Volume 6 - Year 2018 - Pages 5-10
Phase Transition in TlS, TlSe and TlInS2 Crystals Caused by Nanoscale Defects
Rauf Sardarly 1, Arzu Sardarli 2, Famin Salmanov 1, Nurana Aliyeva 1, Samira Gahramanova 1, Mahammed Yusifov 1
1 Institute of Radiation Problems, National Academy of Sciences of Azerbaijan
Baku, Vahabzade 9, AZ1143, Azerbaijan Republic
email@example.com; firstname.lastname@example.org; email@example.com;
2 First Nations University of Canada
1301 Central Ave, Prince Albert, SK, S6V 4W1, Canada
Abstract - In this paper, we report the results of our studies on temperature and electric field dependences of conductivity in TlS, TlSe and TlInS2 crystals. At a certain temperature (typical for all three crystals) a switching effect has been observed for the conductivities of all crystals. The switching effect is explained by the phase transition to superionic conductivity. It is suggested that in TlS and TlSe crystals the ion conductivity is caused by the diffusion of Tl+ ions over vacancies in the thallium sub-lattice between (Tl3+S2-2) and (Tl3+Se2-2) chains. In TlInS2 crystals, this effect is due the diffusion of Tl+ ions towards vacancies in the Tl sub-lattice. In all crystals the S-type switching effect is revealed. It is suggested that the switching effect is related to the transition of crystals to the superionic state, which is accompanied by diffusion of Tl+ ions.
Keywords: Superionic conductivity, Crystal, Phase transition, Nanoscale, Low-dimensional, Switching effect.
© Copyright 2018 Authors - This is an Open Access article published under the Creative Commons Attribution License terms. Unrestricted use, distribution, and reproduction in any medium are permitted, provided the original work is properly cited.
Date Received: 2017-10-22
Date Accepted: 2018-03-23
Date Published: 2018-05-01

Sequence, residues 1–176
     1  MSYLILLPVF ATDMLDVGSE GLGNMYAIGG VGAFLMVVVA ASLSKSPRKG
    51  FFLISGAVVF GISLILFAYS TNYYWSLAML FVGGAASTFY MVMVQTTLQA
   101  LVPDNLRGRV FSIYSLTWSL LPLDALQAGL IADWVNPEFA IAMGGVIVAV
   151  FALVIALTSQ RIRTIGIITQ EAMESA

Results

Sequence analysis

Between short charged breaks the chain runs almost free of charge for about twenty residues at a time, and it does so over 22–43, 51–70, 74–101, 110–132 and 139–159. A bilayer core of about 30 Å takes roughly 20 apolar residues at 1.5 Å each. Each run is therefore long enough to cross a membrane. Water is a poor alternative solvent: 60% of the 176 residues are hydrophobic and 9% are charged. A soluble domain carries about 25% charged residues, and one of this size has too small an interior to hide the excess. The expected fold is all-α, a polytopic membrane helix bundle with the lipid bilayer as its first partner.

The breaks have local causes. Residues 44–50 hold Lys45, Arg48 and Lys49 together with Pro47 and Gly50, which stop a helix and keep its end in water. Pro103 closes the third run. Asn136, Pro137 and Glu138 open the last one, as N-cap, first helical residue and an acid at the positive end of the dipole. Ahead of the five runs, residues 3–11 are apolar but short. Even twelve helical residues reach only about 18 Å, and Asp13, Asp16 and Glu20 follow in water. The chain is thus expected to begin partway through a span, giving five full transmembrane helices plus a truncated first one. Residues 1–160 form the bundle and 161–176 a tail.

Materials with quasi low-dimensional crystalline structure, have been objects of intensive study due their promising physical properties caused by nanoscale effects. These materials have been largely used in the fabrication of miniature accumulators, ionistors, gas sensors, solid-state fuel elements, and other devices. Superionic conductivity is one of the unique phenomenon observed in quasi low-dimensional crystals. Superionic conductivity exists under the following conditions: the network of channels in the crystal’s structure must be strong enough to withstand moving ions; the energy of ion disordering over lattice positions and the energy lost during motion should be small; the number of potentially mobile ions per unit cell should exceed the number of immobile ions . These conditions are satisfied for only a few crystals, the structure of which excludes long-range ordering in the spatial arrangement of one or several types of atoms but retains long-range order for other particles. These compounds are considered crystals with intrinsic structural disordering -. Crystals with structural disordering, which have mainly ion conductivity, can be in two qualitatively different (dielectric and superionic) states. At temperatures below critical, they behave like conventional ionic crystals (dielectric phase), while at temperatures above critical they pass into a peculiar superionic state (electrolytic phase). This effect was studied in TlInSe2 and TlInTe2 crystals . It was observed a jump in the dependences σ(T) for both crystals at some critical temperatures (in the range of 333 K – 391 K, varying with respect to the crystals and crystal axis), where σ is conductivity, and T is the absolute temperature. For both crystals, in the range of the sharp jump the dependence ln(σT) vs. 103/T was linear. The observed jumps in the conductivity was explained by the sharp change in the number of ions in the states characterized by high ion mobility, i.e., by the phase transition to the superionic state , , .